Updated: Nov 12, 2020
Omega-3 and omega-6 are essential fatty acids. Our body is not able to produce these and hence why we need these from our diet. In the Western diet, we are over consuming on omega-6 fatty acids and under consuming on omega-3 fatty acids.
Omega-6 fatty acids are pro-inflammatory whereas omega-3 fatty acids are anti-inflammatory. Inflammation is an important part of our immune system's response to infections and injuries. It signals the immune system to heal and repair damaged tissues as well as defend against foreign invaders like viruses and bacteria. Omega-3 fatty acids help control the inflammation through its anti-inflammatory properties. Problem arises when we have too much inflammation in our body. This is why having the right balance between omega-6 and omega-3 fatty acids is important.
Foods high in omega-6 fatty acids include highly processed foods, oils, most meats, eggs, nuts, whole grains, etc.
Key here is to reduce processed foods, oils, and meats to reduce omega-6 fatty acids from your diet while incorporating more foods that are higher in omega-3 fatty acids. Omega-3 fatty acids come in different forms: short-chain ALA and long chain EPA and DHA. ALA can be converted by our body into EPA and DHA.
Foods high in ALA omega-3 fatty acids include flaxseed, chia seeds, hemp hearts, walnuts, pumpkin seeds, beans, etc.
EPA and DHA are often found in fish and fish oil. However, it is important to note that fish do not make omega-3 fatty acids. They get the EPA and DHA form of omega-3 fatty acids from microalgae. Just like other important nutrients, omega-3 fatty acids are originally made by plants and in this case microalgae, flaxseed, chia seeds, hemp hearts, walnuts, etc.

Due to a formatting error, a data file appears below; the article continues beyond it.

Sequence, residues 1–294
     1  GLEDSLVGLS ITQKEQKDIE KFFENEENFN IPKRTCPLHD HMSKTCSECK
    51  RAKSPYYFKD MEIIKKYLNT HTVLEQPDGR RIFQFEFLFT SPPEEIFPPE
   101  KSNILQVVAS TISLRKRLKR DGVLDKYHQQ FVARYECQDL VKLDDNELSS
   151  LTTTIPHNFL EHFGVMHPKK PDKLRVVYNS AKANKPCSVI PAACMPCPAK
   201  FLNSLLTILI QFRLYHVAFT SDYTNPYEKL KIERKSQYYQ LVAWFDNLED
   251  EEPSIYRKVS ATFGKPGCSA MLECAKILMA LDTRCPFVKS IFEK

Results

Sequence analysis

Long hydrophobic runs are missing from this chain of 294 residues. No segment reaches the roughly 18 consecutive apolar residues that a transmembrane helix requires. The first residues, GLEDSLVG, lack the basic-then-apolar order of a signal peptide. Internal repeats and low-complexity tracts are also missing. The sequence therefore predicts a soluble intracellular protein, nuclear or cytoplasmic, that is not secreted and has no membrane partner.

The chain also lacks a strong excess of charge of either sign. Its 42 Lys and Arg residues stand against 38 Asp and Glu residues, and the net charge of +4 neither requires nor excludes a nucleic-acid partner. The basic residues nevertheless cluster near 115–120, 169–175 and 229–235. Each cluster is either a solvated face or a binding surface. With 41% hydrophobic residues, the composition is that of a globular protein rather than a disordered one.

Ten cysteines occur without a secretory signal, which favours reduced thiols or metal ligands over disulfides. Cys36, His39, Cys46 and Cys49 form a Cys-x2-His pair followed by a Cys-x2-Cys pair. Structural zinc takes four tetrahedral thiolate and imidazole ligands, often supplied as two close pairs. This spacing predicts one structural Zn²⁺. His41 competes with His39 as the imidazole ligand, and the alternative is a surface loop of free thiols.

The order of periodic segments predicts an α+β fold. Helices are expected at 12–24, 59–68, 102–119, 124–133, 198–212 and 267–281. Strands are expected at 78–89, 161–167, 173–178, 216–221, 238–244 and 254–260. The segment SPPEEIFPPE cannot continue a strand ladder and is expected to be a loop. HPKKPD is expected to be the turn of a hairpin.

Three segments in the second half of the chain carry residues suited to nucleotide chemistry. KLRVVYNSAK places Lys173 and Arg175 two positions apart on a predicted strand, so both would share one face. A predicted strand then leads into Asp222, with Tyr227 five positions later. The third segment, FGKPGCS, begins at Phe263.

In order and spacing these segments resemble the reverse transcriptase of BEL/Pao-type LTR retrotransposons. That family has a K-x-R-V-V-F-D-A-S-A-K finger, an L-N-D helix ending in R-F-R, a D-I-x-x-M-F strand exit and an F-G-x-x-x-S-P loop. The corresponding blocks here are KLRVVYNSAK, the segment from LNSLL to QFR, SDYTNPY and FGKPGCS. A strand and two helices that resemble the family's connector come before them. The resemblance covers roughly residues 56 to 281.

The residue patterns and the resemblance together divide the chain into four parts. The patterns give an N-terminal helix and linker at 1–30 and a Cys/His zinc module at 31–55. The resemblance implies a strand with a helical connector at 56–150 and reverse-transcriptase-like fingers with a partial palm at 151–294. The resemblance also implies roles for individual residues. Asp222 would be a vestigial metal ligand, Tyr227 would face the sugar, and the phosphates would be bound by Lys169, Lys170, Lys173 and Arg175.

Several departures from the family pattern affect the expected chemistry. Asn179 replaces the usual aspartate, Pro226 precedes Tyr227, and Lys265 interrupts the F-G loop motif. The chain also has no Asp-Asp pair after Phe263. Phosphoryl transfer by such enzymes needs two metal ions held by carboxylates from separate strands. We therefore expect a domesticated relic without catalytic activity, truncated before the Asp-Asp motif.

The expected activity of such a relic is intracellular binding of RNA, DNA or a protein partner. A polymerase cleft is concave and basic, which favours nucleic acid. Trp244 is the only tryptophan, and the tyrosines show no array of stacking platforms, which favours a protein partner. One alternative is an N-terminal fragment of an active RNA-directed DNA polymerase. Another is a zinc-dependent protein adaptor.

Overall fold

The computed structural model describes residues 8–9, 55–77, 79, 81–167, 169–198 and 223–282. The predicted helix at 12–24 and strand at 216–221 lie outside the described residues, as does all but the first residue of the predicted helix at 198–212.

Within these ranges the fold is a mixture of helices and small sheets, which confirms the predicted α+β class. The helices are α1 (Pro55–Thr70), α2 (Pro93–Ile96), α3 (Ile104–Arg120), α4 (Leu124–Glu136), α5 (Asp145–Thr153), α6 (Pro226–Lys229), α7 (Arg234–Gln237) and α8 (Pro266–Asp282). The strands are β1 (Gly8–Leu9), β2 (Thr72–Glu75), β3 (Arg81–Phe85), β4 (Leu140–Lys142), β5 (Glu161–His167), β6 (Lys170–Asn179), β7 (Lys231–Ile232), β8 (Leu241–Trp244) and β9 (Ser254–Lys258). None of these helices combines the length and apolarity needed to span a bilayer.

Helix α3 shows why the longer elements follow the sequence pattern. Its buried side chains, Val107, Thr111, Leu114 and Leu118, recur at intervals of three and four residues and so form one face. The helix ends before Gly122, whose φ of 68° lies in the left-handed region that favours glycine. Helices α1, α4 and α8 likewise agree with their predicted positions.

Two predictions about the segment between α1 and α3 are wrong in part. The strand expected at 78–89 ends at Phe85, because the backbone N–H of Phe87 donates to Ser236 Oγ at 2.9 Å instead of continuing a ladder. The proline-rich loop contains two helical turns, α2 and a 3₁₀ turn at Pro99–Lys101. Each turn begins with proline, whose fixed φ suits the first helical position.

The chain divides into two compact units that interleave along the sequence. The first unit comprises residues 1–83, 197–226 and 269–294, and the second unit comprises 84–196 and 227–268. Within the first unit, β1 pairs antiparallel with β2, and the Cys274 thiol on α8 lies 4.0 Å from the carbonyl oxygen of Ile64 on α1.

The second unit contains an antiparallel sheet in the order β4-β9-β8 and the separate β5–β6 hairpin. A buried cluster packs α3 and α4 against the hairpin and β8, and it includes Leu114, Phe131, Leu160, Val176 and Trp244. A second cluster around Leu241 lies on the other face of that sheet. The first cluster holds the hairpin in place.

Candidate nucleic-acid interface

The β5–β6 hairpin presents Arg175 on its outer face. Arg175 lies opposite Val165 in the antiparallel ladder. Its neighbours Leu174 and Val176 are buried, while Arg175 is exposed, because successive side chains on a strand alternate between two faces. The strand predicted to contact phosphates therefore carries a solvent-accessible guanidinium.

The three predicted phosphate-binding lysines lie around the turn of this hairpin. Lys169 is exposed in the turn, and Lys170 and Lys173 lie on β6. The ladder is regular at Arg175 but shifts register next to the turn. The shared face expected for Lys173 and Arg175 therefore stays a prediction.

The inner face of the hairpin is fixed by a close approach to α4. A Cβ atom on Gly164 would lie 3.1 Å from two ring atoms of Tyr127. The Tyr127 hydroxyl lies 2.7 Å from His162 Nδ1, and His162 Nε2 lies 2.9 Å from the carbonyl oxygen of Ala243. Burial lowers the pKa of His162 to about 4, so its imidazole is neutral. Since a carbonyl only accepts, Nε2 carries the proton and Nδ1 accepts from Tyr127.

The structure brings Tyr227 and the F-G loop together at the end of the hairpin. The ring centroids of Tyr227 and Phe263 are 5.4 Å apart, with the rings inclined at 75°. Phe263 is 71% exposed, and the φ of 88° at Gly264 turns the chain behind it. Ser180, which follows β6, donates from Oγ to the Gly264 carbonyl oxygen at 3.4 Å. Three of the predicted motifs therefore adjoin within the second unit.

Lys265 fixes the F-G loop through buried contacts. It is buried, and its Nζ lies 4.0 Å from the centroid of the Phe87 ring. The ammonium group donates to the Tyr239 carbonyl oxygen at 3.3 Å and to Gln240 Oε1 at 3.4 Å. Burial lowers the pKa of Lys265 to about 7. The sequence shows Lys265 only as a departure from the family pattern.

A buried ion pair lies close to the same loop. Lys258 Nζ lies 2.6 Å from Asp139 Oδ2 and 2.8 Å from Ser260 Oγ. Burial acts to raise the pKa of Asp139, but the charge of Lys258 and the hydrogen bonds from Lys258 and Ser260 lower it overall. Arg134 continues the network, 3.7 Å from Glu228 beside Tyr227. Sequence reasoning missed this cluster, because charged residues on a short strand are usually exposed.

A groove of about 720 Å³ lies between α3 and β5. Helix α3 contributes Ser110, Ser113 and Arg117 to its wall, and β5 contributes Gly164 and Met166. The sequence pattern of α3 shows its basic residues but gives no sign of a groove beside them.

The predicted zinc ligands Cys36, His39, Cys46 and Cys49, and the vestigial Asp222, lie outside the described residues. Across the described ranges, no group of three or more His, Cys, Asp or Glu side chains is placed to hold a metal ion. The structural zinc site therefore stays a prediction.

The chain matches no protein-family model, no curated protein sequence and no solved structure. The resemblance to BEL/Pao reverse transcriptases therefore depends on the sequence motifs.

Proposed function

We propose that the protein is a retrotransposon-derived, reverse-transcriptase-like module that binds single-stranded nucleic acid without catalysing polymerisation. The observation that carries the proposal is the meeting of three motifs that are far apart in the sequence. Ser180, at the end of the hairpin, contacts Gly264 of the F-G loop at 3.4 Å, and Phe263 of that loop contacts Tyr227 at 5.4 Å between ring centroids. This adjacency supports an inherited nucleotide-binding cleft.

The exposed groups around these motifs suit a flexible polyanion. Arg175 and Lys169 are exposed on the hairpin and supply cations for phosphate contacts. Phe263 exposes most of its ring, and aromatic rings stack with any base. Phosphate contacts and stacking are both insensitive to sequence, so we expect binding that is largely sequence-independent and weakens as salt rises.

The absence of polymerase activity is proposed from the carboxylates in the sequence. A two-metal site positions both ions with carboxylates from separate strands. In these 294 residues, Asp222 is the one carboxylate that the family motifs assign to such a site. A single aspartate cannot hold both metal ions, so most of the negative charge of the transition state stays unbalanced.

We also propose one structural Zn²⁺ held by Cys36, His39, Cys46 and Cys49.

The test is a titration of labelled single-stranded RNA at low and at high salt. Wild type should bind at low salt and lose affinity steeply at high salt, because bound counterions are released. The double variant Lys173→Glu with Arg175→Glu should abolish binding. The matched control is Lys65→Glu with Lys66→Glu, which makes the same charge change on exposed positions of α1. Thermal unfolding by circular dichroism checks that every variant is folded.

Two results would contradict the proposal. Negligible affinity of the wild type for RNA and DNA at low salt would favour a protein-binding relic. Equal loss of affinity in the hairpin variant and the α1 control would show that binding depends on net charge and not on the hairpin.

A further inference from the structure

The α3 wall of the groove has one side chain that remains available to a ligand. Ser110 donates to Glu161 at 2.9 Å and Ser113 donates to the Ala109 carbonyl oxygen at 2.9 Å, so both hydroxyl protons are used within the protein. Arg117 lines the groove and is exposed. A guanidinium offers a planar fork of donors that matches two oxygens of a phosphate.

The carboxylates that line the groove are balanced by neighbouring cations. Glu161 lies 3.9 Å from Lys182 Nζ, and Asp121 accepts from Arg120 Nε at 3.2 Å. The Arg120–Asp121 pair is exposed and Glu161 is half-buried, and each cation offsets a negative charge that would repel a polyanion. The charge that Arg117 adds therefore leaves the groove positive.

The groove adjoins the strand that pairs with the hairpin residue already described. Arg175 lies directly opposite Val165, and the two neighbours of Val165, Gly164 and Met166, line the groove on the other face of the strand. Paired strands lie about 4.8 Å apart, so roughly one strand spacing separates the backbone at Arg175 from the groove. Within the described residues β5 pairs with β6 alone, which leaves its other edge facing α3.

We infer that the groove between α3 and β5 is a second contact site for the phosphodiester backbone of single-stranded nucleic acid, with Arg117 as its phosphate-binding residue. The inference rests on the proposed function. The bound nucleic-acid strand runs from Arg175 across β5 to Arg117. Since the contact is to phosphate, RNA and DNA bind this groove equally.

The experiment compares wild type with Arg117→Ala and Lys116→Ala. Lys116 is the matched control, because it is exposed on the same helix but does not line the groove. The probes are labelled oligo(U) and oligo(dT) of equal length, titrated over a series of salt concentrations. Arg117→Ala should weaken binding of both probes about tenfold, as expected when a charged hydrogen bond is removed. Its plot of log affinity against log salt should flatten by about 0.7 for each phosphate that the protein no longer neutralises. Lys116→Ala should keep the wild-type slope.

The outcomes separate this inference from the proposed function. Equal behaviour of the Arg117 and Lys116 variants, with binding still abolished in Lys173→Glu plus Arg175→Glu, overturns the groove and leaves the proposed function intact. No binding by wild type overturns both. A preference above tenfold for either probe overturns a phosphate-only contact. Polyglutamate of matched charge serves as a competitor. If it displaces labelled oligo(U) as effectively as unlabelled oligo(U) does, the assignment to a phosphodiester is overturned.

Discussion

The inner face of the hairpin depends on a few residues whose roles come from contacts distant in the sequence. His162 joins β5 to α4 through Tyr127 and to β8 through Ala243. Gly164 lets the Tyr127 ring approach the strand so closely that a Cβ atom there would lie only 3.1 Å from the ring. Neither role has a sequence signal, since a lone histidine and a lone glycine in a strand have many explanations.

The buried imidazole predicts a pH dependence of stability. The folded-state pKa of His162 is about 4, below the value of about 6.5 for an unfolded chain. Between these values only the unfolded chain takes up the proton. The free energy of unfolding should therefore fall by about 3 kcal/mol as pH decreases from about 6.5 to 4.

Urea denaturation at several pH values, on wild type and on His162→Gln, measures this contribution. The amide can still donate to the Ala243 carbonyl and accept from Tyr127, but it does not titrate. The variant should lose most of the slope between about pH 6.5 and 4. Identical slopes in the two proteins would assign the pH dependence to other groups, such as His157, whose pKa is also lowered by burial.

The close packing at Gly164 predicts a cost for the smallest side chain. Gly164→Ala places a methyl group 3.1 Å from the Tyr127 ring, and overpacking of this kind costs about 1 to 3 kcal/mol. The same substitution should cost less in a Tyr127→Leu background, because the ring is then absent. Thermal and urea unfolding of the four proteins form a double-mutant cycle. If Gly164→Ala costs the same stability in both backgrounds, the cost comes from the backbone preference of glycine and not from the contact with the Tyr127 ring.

It was believed the amount we convert from ALA to EPA/DHA to be quite low. However, research is now suggesting people eating exclusively plant-based adapt and hence get better at this conversion than those who get their EPA/DHA from animal-based foods like fish.
The recommended RDA for ALA is 1.6g/day which one can easily get by consuming two tablespoons of ground flaxseed daily.
If you are unsure on if you're consuming enough omega-3 or would prefer to get DHA/EPA form of omega-3, you can supplement with DHA/EPA algae oil. It cuts out the middle man (fish) and gets you the long chain omega-3 from the source (microalgae). Look for a supplement with at least EPA (60-130mg) & DHA (120-250mg).
Welch AA, Shakya-Shrestha S, Lentjes MA, Wareham NJ, Khaw KT. Dietary intake and status of n-3 polyunsaturated fatty acids in a population of fish-eating and non-fish-eating meat-eaters, vegetarians, and vegans and the product-precursor ratio [corrected] of α-linolenic acid to long-chain n-3 polyunsaturated fatty acids: results from the EPIC-Norfolk cohort. Am J Clin Nutr. 2010 Nov;92(5):1040-51.